Comcast Chairman-CEO Brian Roberts, speaking at an analysts' briefing recently, made a remarkable statement (for a cable operator). He said, "The consumer wants to just push a button and make it happen. I think we're in that business. Make it easy and be the best at this."
The statement is extraordinary on so many levels it would be impossible to explore them all in this space, so I'll just stick to two. First, the Comcast bossman should see how his latest digital HD boxes handle closed captioning. It's not exactly pushing a button. It's not even pushing two or three buttons; it's more like rocket science.
But the more important point of what Roberts said is what he implied. The consumer doesn't really care about the machinations of getting cable TV or high-speed data or telephone; the consumer wants a picture, an Internet connection and a dial tone. When those things are absent the consumer, faced with service prices that approach the cost of a late model car, wants to know why.
It's the reason the ongoing flare-ups over retransmission will only lead to more trouble for cable operators and TV stations--but mostly for cable operators, who are already behind the 8 ball when it comes to public sentiment and who don't have a TV station propaganda machine.
The consumer doesn't want to know why; the consumer wants to know how (push a button) and then be left alone.
Think again about what Roberts said and what Roberts implied. The consumer doesn't want to know why; the consumer wants to know how (push a button) and then be left alone.
But don't take my word for it--in fact never take my word for it--listen Gary Burns, presentation editor of Buffalo Business First who commented on the recently settled Time Warner Cable-Sinclair Broadcast Group spat.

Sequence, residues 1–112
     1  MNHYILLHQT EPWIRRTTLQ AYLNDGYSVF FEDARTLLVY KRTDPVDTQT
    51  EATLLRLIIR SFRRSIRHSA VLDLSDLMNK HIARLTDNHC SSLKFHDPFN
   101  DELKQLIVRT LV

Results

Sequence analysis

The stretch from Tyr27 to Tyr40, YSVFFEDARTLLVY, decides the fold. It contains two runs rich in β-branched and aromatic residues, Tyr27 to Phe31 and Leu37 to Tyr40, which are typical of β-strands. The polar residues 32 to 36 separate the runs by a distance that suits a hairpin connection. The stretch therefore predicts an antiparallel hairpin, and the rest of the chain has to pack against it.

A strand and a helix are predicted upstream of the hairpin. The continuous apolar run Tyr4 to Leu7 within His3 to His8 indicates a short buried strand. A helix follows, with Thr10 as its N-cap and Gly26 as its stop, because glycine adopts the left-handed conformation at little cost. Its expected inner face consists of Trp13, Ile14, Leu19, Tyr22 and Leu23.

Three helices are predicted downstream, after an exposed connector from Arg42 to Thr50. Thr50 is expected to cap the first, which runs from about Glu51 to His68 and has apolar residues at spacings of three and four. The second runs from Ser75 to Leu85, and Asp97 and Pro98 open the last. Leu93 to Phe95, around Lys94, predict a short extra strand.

"It would be refreshing if either party told us honestly that good old-fashioned greed is at the heart of the issue," Burns wrote. "Instead, we get public-relations pabulum like this from TWC: 'We think it's unfair that broadcasters keep putting television viewers in the middle of these public contract disputes. We're tired of it, and we know you are too. But if we pay up, that means it costs everyone more, including you, our customers.'
"How stupid do TWC--and Sinclair--think the viewers are?" Burns continued. "Pretty stupid, I guess. Eventually, a 'compromise' will be reached. (It was over the weekend). Everyone will pay more for what they watch. And in a few years, the same story will repeat itself."
Doesn't exactly sound like everyone in the industry is following the leader's advice to "make it easy and be the best at it." It does, however, sound like the W.O.P.R. computer in the geek classic, War Games that asked innocuously, "Shall we play a game?" The game, of course, was Mutually Assured Destruction. MAD.--Jim